Section 333 of the Education (General Provisions) Act 2006 (Qld), reads as follows:

“Wilful disturbance

(1) A person must not wilfully disturb the good order or management of a State educational institution.

(2) A person must not insult a staff member of a State educational institution in the presence or hearing of a student of the institution, who is, at the time in question –

(a) in or about the institution; or

(b) assembled with others for educational purposes at or in any place.

Pursuant to subsection 333(2), this section applies not only in the school grounds, but also when students are “assembled with others for educational purposes at or in any place”.

Clearly, this would include school sporting events, visits to art galleries and museums etc.

Other states have similar provisions under legislation such as the Summary Offences Act 1966 (Vic) which makes it a criminal offence to do any of the following in or near a public place:

(a) Use profane, indecent, or obscene language, or threatening, abusive or insulting words; or

(b) Behave in a riotous, indecent, offensive or insulting manner.

While this is not school specific legislation, the definition of ‘public place’ includes any government school, or land or premises in connection with the school.

There are similar protections applicable to school staff, although not always school specific, which are available in every Australian state.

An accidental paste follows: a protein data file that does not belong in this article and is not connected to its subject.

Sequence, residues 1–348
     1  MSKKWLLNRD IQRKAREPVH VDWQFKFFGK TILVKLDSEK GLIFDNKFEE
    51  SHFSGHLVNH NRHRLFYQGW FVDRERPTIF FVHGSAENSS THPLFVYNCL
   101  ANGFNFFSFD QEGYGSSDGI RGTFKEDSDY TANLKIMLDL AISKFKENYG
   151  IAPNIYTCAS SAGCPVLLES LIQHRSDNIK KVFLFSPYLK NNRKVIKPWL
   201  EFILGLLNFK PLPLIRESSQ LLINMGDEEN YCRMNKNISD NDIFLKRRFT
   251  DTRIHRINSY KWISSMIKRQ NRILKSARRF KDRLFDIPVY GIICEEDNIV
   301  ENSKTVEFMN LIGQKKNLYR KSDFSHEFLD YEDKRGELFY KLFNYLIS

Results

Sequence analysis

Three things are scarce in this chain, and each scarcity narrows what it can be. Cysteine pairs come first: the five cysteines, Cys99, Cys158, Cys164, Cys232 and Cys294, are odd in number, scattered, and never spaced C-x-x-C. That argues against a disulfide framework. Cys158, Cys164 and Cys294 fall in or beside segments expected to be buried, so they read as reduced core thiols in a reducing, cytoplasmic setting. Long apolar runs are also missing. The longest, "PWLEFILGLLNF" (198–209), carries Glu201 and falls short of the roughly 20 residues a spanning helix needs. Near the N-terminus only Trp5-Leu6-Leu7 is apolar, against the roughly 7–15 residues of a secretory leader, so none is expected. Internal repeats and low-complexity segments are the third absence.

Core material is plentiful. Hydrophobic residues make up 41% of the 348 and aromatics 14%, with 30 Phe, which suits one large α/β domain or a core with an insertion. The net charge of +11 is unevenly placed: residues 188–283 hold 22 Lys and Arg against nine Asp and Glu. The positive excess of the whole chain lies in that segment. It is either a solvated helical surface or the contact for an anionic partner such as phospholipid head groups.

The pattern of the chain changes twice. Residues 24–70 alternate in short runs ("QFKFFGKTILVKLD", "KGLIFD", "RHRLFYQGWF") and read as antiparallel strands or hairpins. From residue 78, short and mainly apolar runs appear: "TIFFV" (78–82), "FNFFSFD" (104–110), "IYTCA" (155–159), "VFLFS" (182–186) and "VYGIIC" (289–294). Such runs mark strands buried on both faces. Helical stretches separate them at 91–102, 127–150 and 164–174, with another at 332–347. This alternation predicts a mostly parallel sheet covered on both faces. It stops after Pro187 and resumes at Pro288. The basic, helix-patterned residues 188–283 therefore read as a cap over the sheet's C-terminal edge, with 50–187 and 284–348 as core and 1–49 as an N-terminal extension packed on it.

Bullying conduct over telephone or through social media can also be dealt with under Section 474.17 of the Criminal Code Act 1995 (Cth) as set out above.

Personal Safety and Good Behaviour Orders

All Australian states have a court process available, usually through the magistrate’s court, for school staff members who are concerned about their safety to apply for a protection order or restraining order.

The name of the order varies between states and the description of the level of assault or threat is also different from state to state.

In Victoria, Personal Safety Intervention Orders Act 2010 (Vic) provides the procedure for these orders. In Queensland, it is the Peace and Good Behaviour Act 1982 (Qld). The Justices Act 1959 in Tasmania provides the application and approval process for restraining orders. The NSW Crimes (Domestic and Personal Violence) Act 2007 allows the court to make an Apprehended Personal Violence Order.

Under each law, school staff are entitled to apply for a magistrate to make an order to protect themselves from physical or mental harm caused by a person in the school community.